‘Deliberate acts’ exclusion disapplied: Supreme Court decision on Public Liability

10 May 2021
By Amy Lacey

The Supreme Court has rejected attempts by an insurer to rely upon an exclusion clause under a public liability policy, in a case arising from the death of a customer following an assault by door staff at a bar in Aberdeen.

The security company’s insurance provided cover for accidental injury or death, but excluded “deliberate acts wilful neglect or default“.  The policy was governed by English law and there was no suggestion of any difference in approach under the law of this jurisdiction or Scotland in relation to the issues on appeal. The customer’s widow claimed against the insurer pursuant to the Third Party (Rights against Insurers) Act 2010, following liquidation of the security company employer, based on vicarious liability for wrongful acts of its employees.

The Supreme Court held that a “deliberate act” was something carried out with the intention of producing the insured outcome i.e. in this case, acts intended to cause injury.  In reaching this conclusion, their Lordships recognised the commercial context of the policy to cover the business of “Manned Guarding and Door Security Contractors”, including unintended consequences of incidents at the bar door, which commonly involve deliberate physical acts.  If every intentionally performed act was classed as deliberate for purposes of the exclusion, there would be no coverage for many accidental injuries the policy was designed to insure.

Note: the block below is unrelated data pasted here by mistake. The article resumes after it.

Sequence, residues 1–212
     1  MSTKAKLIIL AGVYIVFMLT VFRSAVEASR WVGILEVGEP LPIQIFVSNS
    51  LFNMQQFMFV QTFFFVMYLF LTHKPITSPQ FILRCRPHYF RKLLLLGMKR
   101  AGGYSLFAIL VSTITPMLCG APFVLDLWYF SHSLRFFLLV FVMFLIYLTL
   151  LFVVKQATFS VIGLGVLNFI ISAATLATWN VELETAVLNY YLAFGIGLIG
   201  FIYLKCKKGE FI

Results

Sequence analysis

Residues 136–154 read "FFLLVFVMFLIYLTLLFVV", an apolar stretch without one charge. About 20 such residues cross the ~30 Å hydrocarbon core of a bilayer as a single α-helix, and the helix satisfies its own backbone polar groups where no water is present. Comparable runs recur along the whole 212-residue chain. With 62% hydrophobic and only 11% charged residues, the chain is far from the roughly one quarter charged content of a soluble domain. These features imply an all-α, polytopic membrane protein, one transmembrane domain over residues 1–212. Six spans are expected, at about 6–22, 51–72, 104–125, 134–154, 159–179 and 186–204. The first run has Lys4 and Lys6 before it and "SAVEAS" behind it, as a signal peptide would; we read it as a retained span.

The same was true if “wilful neglect or default” was construed as extending the exclusion clause to acts embarked upon with reckless disregard for the consequences, in the sense of proceeding despite a known risk of injury, or not caring if such a risk may arise.  Interpreting the exemption in that way would seriously limit the cover provided and lead to a “commercially unlikely exclusion, given the nature of the [insured]’s business”.

There was no determination in the earlier proceedings of intention to injure, or even recklessness, and it is not the role of appellate courts to make findings of fact.  Following ejection from the bar due to intoxication, the customer hit out at security staff and was taken in a neck hold for up to three minutes, resulting in death from asphyxiation.  In sentencing remarks, Lady Wolffe found that the employee’s actions were: “badly executed, not badly motivated you believed you were acting in defence of your fellow door stewards and to minimise the danger you felt Mr Grant posed to others.”

The insurer was therefore unable to avoid liability. Following a series of pro-policyholder decisions, this appears to be another example of the Supreme Court’s willingness to take account of public policy considerations to avoid stripping insurance contracts of much of their content, and confirms that exclusion clauses will be construed based on the words used in their “documentary, factual and commercial context”, in accordance with principles set out in Wood v Capita Insurance Services Ltd [2017].

The decision is helpful for policyholders in demonstrating that conscious performance of an act with intention to cause insured damage must be established, in order to trigger a deliberate acts exclusion, and mere recklessness will not suffice.  Whilst recklessness will be enough to prove breach of a reasonable precautions condition (Fraser v Furman [1967]), insurers face a higher evidential threshold in relation to ‘deliberate acts’.

Burnett or Grant v International Insurance Company of Hanover Ltd [2021] UKSC 12

Amy Lacey is a partner at Fenchurch Law